|The Denisov cave.
It is not for nothing that the cave was included in the UNESCO World Heritage List. Many artifacts which have been found in this cave are so significant for science that they can be compared with the artifacts of Egyptian pyramids.
Archeologists started to explore the Denisova Cave in the 1980s, after scientists had found out that many thousands years ago, the region of Altay had a climate very favorable to people, and ancestors of the Homo Sapiens species lived here.
However, when archeologists were only starting to explore the Denisova Cave about 30 years ago, they didn’t expect it to turn out to be a practically unlimited treasury of archeological artifacts of various epochs. The older artifacts which were found here are about 280,000 years old.
It was decided to open a scientists’ camp near the cave. Later, the camp was turned into a large-scale scientific center with is own laboratory, where the objects found in the cave are thoroughly examined. Every year, about 100 archeologists and other scientists work in this camp.
The Denisova Cave is the oldest human dwelling in northern Asia that is currently known to scientists. Many generations of people lived in this cave for thousands of years because it was quite comfortable to live in. Archeologists have found 22 layers of sediment in the cave, which date back to various eras.
Sergey Isupov from the Russian Institute of Archeology and Ethnography says:
“The cave seems to be filled with artifacts. I doubt that scientists have ever found a similar amount of artifacts in one place anywhere else on Earth. Probably, the most interesting layer of sediment is the one which has received the number 11. This layer dates back to the transitional period between the middle Paleolithic Age to the upper Paleolithic Age. It is here where remains of humans of an earlier unknown species were found.”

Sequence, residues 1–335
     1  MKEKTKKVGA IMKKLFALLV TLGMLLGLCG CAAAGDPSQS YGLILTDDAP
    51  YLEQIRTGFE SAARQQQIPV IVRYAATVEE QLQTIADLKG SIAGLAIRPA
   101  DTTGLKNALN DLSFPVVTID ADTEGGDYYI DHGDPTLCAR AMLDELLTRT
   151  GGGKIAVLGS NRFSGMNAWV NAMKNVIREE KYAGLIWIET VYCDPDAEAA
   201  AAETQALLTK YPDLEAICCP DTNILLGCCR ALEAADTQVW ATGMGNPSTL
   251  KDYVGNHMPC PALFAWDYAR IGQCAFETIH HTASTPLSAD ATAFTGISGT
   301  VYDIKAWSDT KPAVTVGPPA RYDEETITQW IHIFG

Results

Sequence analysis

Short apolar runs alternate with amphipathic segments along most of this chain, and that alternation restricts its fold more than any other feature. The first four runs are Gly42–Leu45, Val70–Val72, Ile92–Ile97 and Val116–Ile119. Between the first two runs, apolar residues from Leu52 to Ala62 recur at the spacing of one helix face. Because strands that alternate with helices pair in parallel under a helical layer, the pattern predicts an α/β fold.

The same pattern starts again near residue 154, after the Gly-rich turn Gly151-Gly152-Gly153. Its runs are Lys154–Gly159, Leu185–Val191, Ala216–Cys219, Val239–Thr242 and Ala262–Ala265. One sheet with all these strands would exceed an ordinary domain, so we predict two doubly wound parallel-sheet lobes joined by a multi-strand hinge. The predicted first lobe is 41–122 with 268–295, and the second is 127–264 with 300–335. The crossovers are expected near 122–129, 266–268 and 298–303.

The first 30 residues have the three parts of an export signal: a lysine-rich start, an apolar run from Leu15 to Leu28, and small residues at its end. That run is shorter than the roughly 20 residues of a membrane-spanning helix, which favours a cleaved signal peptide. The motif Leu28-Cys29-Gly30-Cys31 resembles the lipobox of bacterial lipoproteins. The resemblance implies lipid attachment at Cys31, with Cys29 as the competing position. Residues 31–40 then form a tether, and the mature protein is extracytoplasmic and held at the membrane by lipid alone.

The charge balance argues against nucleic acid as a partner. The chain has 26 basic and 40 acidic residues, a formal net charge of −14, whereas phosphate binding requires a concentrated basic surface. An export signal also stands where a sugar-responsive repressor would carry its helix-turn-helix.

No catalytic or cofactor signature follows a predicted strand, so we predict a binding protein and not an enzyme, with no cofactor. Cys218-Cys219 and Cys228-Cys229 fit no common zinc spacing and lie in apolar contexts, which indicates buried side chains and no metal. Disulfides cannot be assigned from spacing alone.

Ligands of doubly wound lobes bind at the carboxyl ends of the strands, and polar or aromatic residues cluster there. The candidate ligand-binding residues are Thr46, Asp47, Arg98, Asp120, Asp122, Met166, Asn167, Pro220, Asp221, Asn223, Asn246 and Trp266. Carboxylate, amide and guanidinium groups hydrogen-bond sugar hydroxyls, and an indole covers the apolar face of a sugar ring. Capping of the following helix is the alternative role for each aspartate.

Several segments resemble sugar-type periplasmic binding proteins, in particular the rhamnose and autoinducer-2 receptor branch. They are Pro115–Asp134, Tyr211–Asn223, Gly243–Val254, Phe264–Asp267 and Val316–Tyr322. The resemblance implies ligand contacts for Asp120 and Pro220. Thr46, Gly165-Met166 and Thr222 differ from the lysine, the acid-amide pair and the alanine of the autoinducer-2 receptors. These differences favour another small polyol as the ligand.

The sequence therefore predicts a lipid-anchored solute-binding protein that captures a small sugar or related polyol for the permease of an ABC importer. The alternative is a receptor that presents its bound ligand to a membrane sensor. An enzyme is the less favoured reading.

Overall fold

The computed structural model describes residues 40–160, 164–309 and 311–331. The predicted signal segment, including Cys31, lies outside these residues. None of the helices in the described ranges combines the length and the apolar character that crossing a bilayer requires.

On December 22, 2010, the Nature magazine published sensational news that before the appearance of the Homo sapiens, Siberia was populated with a species of humans which, until recently, had been unknown to science. The article in the magazine said that a genetic examination of two pieces of human remains, which have been found in the Denisova Cave, a part of a finger and a tooth, revealed that these remains belonged to an earlier unknown species of humans. This species, related to the Neanderthal, lived about 50,000 years ago.
Scientists from the Siberian city of Novosibirsk are more reserved in making sensational announcements. They say that it is only hypothetical that these remains belonged to an unknown species of humans. However, Novosibirsk scientists also agree that this hypothesis, if found true, may radically change our ideas about the origin of man.
As it was mentioned above, archeologists have been exploring the Denisova Cave for about 30 years already. However, they have explored only a very small part of its artifacts so far.
“Archeologists, as a rule, work slowly – maybe, too slow from the point of view of people who are far from the archeological science," Sergey Isupov says. “But they just have to work slowly, centimeter by centimeter, in order not to bring any harm to priceless historic artifacts. In fact, any archeological excavations at any historic sites does harm to the site. Archeologists have to work very carefully in order to ruin as little as possible. Besides, if they discover anything, they have to thoroughly record all the circumstances of when and where it was found. This, of course, also takes time.”
Many new sensational discoveries may probably be made in the Denisova Cave in the future. After scanning the cave with special equipment, geologists found out that its “big hall” and “galleries” are only a “threshold” of big cavities that are “hidden” deeper, and these cavities are full of layers of cultural sediments.